Early this year I was lucky to have the chance to make my first trip to Southeast Asia. I had a little time, a little money, and my window of opportunity happened to line up with that of a good friend and co-worker. I thought I was pushing the envelope, going out on a limb, by deciding on a whim to try traveling in Cambodia and Vietnam. I didn’t know what I would find, nor could I predict that it would be much easier and overall more pleasurable than the traveling, or daily life for that matter, I’d been experiencing for almost three years in Ethiopia.
It was a bit of a whirlwind trip, 17 days in all without the transit through Bangkok on each end. After coming back here, the trip faded away quickly enough as I became saturated again in the details of work and life in Addis. At some point I wanted to recall the trip, to reflect on it, so I set my desktop image to scroll trough all the photos from the trip at regular intervals.
After weeks of these images cycling before my eyes and through my sub/consciousness, I finally decided that I ought to do something with them.
Process and Approach
Ever since the concept was first introduced to me by one of my university film professors (or was it Brian Eno?), I’ve enjoyed setting up artificial constrictions as a way of squeezing out or distilling creativity. In this case, I knew that I needed a device for paring down the huge number of photos (over one thousand). Thinking of the range of possible numbers of final photos I would want, I came up with the idea of choosing three from each day (with seventeen days of travel this would result in a manageable number, fifty-one photos).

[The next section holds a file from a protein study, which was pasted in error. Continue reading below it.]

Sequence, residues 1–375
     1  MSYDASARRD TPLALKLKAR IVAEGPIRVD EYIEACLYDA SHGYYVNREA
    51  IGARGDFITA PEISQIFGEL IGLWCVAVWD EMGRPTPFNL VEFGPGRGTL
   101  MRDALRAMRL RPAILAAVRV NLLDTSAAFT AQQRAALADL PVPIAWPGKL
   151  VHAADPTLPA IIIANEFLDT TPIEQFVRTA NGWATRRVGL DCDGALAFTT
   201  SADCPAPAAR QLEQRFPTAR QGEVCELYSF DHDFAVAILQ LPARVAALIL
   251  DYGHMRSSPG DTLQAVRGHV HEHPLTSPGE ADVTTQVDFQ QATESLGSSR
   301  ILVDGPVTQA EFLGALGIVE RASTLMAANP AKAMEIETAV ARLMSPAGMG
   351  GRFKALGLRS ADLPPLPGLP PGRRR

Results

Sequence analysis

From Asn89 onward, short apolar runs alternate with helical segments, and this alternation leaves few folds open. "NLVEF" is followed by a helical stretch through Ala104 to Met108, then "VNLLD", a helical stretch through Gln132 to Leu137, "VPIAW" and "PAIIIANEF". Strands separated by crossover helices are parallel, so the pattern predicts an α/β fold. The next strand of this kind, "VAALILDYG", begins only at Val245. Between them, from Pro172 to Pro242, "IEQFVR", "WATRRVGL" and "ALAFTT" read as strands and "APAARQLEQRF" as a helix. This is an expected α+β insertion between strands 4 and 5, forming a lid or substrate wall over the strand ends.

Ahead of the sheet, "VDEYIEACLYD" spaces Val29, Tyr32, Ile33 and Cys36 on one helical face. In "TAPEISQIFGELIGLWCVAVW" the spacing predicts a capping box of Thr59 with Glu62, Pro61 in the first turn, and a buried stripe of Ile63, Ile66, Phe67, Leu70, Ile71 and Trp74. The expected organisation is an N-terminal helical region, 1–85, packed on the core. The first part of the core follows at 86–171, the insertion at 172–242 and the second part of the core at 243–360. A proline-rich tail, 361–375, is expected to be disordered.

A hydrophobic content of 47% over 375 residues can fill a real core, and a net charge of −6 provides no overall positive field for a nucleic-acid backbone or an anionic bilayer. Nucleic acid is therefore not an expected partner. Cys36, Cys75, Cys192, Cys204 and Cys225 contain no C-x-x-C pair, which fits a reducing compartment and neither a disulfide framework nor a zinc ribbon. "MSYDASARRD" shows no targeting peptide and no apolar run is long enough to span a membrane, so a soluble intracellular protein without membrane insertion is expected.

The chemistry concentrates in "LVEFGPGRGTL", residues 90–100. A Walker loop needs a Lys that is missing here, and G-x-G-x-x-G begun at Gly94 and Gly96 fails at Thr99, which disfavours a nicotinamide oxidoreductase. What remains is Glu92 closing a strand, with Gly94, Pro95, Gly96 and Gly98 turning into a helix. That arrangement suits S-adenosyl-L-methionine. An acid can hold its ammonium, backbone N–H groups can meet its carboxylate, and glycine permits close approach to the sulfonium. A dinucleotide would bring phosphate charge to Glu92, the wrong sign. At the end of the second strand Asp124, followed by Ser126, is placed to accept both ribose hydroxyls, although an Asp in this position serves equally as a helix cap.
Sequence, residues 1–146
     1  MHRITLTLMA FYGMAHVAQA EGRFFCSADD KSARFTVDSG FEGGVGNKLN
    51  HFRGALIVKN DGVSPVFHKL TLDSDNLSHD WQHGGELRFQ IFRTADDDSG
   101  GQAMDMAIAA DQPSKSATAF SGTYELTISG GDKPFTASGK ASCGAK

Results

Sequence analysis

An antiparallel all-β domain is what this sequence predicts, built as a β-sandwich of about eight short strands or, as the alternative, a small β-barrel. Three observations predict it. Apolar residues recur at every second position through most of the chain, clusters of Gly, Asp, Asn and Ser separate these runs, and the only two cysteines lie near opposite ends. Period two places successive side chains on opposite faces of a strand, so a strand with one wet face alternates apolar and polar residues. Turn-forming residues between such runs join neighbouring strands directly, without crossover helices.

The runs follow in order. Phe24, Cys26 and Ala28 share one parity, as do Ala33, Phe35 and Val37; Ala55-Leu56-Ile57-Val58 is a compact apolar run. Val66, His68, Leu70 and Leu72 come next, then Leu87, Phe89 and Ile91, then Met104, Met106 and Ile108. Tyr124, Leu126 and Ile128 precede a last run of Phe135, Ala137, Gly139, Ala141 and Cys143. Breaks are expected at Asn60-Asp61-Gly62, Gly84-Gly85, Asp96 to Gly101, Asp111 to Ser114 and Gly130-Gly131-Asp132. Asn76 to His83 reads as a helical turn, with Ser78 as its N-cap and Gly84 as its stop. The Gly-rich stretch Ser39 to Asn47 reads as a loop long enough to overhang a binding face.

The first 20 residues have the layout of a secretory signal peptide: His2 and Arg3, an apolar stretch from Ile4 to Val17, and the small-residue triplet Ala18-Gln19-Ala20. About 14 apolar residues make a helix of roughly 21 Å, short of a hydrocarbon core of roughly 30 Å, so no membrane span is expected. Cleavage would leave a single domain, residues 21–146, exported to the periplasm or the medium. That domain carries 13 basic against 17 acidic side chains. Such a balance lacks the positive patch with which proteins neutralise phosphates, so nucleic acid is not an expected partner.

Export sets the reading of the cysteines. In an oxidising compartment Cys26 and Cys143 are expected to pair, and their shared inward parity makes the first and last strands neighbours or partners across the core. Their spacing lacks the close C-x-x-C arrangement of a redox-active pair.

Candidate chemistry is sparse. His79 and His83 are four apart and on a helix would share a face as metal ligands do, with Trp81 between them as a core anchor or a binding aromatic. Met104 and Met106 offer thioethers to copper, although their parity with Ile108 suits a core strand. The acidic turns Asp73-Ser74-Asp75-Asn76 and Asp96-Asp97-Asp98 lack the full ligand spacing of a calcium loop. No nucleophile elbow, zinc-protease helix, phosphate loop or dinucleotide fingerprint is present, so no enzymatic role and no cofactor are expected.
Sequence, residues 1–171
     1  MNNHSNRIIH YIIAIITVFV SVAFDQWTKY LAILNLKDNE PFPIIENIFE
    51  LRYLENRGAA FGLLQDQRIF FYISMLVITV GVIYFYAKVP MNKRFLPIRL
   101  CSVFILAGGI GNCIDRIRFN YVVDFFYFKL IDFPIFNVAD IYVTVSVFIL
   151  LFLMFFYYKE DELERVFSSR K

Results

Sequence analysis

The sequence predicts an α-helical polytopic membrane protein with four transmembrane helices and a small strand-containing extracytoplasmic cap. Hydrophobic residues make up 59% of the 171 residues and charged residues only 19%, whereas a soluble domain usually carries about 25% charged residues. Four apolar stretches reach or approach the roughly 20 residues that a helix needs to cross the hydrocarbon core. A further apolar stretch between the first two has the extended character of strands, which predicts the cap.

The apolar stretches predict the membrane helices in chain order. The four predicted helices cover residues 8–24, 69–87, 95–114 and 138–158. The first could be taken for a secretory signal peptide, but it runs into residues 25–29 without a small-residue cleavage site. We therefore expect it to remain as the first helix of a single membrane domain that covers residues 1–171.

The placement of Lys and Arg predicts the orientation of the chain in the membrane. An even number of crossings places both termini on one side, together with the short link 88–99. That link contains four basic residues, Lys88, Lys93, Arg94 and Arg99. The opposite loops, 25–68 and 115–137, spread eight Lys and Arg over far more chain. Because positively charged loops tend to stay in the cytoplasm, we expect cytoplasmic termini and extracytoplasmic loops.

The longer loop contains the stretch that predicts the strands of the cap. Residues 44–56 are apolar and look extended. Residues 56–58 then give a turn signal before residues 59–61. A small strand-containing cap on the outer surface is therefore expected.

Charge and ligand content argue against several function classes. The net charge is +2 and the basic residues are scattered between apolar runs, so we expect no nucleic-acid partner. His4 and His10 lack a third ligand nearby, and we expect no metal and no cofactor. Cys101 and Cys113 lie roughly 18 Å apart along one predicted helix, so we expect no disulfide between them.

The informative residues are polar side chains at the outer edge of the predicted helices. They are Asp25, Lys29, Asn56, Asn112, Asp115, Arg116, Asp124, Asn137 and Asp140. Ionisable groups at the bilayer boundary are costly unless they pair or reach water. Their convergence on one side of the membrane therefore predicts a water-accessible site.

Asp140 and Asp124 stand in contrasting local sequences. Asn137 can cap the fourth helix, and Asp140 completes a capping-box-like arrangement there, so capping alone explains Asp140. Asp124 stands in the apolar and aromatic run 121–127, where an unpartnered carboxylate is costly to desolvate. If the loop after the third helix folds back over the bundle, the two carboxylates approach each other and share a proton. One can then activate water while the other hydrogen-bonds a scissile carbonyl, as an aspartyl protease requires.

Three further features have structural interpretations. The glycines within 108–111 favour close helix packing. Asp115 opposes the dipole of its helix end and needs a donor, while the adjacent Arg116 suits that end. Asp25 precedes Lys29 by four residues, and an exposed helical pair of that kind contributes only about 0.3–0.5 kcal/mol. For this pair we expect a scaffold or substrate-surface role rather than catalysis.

I knew this would be challenging. Some of the days around Siem Riep in Cambodia were full of visits to temples, with hundreds of potentially interesting images to choose from. The challenge I didn’t predict was the fact that, on travel days, I might not have many more than three images to choose from, with most of them being casual snaps or throw-away shots.
I started out with my usual focus of late: look for the most visually interesting images, regardless of topic or narrative value. Before long, though, I couldn’t help including more informational photos, shots that captured cultural elements that I had been curious about or fascinated with. In some cases I found myself wandering away from both of these values and indulging in personal, temporal connections, such as the very first shot in the series, which might not do much for the viewer, but takes me back to The Moment of Arrival on a warm night in Cambodia, being transported by private tuk-tuk into the unknown of a new continent, region, and country.
After finishing the long selection process, I debated captioning the photos to give more context to the viewer. Out of this debate came the idea of a mini-narrative … maybe I’d write one sentence per photo and string them together and leave it to chance as to whether this approach resulted in a coherent whole. You can judge that for yourself by reading the next section.